Returns
Nufloat

Nusselt number using the total height of the coil and the film temperature, [-]

Notes

[1] also has several other equations using different characteristic lengths.

References

1(1,2)

Prabhanjan, Devanahalli G., Timothy J. Rennie, and G. S. Vijaya Raghavan. “Natural Convection Heat Transfer from Helical Coiled Tubes.” International Journal of Thermal Sciences 43, no. 4 (April 1, 2004): 359-65.

Examples

>>> Nu_vertical_helical_coil_Prabhanjan_Rennie_Raghavan(4.4, 1E11)
720.6211067718227

ht.conv_free_enclosed.Rac_Nusselt_Rayleigh(H, L, W, insulated=True)[source]

Calculates the critical Rayleigh number for free convection to begin in the Nusselt-Rayleigh parallel horizontal plate scenario. There are actually two cases - one for the top plate to be insulated (adiabatic) and the other where it has infinite thermal conductivity/is infinitely thin or not present (perfectly conducting). All real cases will lie between the two.

Parameters
Hfloat

Distance between the two plates, [m]

Lfloat

Length of the plates, [m]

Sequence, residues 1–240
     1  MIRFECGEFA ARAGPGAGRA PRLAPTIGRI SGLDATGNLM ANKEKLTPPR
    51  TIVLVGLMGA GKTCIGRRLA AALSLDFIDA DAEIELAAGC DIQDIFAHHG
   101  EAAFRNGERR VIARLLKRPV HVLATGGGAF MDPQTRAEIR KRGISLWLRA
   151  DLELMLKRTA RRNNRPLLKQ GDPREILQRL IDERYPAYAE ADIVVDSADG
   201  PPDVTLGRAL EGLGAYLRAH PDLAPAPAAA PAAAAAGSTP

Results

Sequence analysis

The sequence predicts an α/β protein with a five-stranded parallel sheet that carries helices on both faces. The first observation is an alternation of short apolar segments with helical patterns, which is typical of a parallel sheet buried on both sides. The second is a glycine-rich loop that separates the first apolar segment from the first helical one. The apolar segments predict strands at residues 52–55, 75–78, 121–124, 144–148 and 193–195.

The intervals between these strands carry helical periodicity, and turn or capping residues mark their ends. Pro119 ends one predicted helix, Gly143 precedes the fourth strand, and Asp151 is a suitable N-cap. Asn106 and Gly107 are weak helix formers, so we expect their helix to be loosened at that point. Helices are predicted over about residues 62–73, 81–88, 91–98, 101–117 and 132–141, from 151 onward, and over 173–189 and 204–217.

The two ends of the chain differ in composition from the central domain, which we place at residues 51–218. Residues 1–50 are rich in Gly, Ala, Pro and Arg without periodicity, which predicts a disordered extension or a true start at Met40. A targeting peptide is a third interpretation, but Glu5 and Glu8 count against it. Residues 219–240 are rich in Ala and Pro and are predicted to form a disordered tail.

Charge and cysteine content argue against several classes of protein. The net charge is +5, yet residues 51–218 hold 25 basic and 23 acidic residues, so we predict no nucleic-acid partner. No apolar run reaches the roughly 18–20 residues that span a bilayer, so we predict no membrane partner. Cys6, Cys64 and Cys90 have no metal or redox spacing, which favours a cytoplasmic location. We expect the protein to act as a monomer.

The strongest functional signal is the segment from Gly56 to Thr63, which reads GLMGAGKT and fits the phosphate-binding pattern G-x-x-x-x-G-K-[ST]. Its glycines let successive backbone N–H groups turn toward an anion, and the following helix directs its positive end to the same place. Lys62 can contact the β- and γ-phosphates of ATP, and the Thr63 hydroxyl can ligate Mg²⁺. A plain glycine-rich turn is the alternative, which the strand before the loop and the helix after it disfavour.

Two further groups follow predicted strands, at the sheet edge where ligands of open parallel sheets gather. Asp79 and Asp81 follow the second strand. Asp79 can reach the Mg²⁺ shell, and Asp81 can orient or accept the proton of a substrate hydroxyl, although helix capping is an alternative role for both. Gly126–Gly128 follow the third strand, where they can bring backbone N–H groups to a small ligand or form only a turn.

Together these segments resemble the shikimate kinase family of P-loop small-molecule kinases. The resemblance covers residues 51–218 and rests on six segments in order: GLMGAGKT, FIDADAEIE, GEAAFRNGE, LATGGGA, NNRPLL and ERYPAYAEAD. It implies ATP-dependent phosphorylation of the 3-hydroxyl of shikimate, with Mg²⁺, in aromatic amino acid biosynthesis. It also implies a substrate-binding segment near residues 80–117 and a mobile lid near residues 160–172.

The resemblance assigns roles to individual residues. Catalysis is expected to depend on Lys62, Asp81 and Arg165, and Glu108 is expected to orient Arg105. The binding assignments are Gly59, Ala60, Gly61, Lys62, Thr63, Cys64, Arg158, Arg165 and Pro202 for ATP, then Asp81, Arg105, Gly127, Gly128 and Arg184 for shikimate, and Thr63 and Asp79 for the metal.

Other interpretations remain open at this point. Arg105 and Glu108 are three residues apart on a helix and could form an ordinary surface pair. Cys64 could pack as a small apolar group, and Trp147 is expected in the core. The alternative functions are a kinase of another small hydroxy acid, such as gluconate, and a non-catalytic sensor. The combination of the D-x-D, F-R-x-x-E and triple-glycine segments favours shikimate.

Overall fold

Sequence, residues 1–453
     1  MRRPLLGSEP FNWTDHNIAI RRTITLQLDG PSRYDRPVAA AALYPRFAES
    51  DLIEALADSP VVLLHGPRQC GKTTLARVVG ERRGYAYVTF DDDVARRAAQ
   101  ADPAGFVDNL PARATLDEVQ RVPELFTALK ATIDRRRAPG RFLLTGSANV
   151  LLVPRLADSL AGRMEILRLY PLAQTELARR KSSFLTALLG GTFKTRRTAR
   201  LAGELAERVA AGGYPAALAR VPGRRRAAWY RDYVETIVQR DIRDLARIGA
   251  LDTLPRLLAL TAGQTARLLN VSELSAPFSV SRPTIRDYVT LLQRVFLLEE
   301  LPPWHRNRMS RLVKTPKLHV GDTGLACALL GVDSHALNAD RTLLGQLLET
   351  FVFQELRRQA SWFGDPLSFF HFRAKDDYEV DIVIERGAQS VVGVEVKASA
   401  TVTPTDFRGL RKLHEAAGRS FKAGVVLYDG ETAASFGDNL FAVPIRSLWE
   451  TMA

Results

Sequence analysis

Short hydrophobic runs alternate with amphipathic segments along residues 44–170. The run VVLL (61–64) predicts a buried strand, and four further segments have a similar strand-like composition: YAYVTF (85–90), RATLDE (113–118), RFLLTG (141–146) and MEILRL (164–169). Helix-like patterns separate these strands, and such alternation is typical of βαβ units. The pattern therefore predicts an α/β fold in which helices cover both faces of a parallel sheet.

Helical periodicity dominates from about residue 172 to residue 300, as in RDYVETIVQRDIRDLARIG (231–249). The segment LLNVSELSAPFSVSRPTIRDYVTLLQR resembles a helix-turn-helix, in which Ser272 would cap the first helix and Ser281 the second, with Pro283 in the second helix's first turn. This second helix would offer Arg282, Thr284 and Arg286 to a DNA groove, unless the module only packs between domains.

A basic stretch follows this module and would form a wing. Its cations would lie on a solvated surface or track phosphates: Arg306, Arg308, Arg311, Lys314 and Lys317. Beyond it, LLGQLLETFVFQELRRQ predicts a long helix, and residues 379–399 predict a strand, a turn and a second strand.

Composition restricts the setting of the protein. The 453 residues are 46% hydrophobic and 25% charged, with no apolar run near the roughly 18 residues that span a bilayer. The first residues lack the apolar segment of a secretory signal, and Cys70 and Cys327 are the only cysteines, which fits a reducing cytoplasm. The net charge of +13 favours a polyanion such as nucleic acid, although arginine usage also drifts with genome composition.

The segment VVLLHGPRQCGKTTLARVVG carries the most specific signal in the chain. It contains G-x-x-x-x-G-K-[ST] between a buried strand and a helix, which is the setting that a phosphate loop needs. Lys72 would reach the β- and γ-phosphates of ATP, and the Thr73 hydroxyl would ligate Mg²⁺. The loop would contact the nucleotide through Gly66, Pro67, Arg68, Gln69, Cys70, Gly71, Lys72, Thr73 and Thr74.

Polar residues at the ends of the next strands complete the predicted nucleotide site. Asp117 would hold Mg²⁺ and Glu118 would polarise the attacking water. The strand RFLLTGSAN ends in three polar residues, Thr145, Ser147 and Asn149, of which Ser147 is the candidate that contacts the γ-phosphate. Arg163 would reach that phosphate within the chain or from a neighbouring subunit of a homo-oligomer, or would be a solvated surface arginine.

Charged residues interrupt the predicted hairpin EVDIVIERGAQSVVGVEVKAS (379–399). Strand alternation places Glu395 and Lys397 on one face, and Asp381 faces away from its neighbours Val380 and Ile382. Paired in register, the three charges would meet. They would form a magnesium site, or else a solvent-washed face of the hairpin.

Wfloat

Width of the plates, [m]

insulatedbool, optional

Whether the top plate is insulated or uninsulated, [-]

Returns
Racfloat

Critical Rayleigh number, [-]

Notes

Splines have been fit to data in [1] for the uninsulated case and [2] for the insulated case. The data is presented in the original papers and in [3].

References

1

Catton, Ivan. “Effect of Wall Conduction on the Stability of a Fluid in a Rectangular Region Heated from Below.” Journal of Heat Transfer 94, no. 4 (November 1, 1972): 446-52. https://doi.org/10.1115/1.3449966.

2

Catton, Ivan. “Convection in a Closed Rectangular Region: The Onset of Motion.” Journal of Heat Transfer 92, no. 1 (February 1, 1970): 186-88. https://doi.org/10.1115/1.3449626.

3